Well, not Prathiba Patel. But the former president of India, the man who's inspired millions and who's taught us to dream, dream and dream!
It's rather surreal to believe that I was actually face to face with Dr. APJ Abdul Kalam and I'm still finding hard to believe.
It's not like I'm a this diehard fan ( I must confess, I've never read 'Ignited Minds') but I've always had profound respect for our former president, not just for his achievements but for the person that he is-the innocence, the childlike curiosity and the humility that he exudes.
Here's what happened. I was online as usual, had gotten back home from my exam and was whining about this fever I had-head throbbing, swollen throat etc and generally being a pain for everyone in the vicinity when I got this call demanding to come to college IMMEDIATELY...I was going to interview... Abdul Kalam!
Needless to say, I raced out of the house, jumped into my car and drove numbly to college, head throbbing and heat beating with excitement.
The deal was he was visiting to participate in a seminar in my college and we had to catch him before he left. A gang of 4 of us (me to ask the question and one person to shoot it on camera included) lurked around the area until a kind soul who knew one of our gang spotted us and motioned us forward.
We waited till he came walking towards us, flanked by security and other officials. He was smaller in physical stature than the rest, but stood out because of the benign expression he had on his face.
Here was the moment. Now or never. I approached him, asking if I could ask him a question.
He was so adorable! He brushed the formality aside and was more curious about us! He asked us if we were students and good students at that. I said yes but my friend hesitated and he said "Why?? Why don't you say 'YES!'?" , he said with his gentle, unassuming smile.
I proceeded to my question then, asking him about his message- to dream, dream and dream. But what about a young child who cannot afford to dream?
(I know, I know. A very boring question! But the documentary is about education and we wanted him to basically give his views on education for all)
Dr. Kalam listened to my question carefully but took no time to answer. He spoke about his vision 2020 and that education for all could be possible only as a result of development in all other spheres. He said that our duty was to be good students and if we were, then we could easily help the young child by each of us teaching one. His parting words were "And listen to your parents!"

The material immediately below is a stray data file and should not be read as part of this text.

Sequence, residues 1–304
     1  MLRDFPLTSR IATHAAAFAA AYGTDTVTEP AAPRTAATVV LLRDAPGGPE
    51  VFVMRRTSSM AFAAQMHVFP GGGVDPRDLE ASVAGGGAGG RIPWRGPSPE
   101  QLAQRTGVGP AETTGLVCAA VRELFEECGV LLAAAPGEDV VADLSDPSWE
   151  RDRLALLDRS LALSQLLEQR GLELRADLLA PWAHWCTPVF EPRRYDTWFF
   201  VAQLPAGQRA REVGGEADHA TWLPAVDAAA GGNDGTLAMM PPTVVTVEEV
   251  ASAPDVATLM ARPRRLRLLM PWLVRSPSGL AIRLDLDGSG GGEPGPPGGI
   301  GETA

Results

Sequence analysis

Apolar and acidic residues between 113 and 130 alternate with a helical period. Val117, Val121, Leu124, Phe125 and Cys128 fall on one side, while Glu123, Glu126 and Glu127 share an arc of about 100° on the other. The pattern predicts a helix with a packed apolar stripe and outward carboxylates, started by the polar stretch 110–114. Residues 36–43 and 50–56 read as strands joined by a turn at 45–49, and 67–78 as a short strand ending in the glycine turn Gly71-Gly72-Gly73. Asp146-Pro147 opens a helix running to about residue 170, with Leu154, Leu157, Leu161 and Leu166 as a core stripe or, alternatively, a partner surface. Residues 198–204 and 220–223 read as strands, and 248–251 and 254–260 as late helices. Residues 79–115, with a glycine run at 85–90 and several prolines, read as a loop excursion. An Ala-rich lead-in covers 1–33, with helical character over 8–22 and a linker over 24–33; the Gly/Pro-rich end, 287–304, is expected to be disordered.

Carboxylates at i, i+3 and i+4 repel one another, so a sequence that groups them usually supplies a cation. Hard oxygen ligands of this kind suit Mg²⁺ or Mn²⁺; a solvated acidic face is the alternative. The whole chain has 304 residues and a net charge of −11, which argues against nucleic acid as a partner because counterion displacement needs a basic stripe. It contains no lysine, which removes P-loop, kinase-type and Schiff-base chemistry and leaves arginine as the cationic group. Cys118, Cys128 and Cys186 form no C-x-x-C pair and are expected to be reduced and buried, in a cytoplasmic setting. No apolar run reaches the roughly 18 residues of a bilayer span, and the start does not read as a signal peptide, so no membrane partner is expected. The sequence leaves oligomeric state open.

We stepped back as he walked away, briskly (for a man of 77 years he walked faster than any of my peers!) as he was in such great demand. My friend and I hugged each other and we danced around (our professor declaring that this was our first taste of true journalism) as if in a surreal dream.
As we watched him walk away, surrounded by people, all wanting to share a little bit of his glow, to demonstrate their appreciation and to convey the impact that he has had on their lives in just a few moments of meeting. I stood apart, absorbing the scene and felt like a fake. Here I was, asking a question about an issue that I did care about but had no intentions to do something about and listening to an answer given by a great man, and nodding like I was going to take up his advice. I felt guilty. I still do.
I wish I could go up to him and ask him how we could get rid of this inertia that's sweeping over most of the youth today. About how we're imbibing the 'me' culture from the west while rejecting the west's values of growing social consciousness. About how to retain our individuality while being united with the rest of humanity. About how to seek spirituality whilst striving for material happiness.
I could go on forever. Perhaps, one day, I would get a chance to ask that great little gentleman all these questions. Till then, I'll probably set off to seek the answers myself.
P.S: What would you ask him?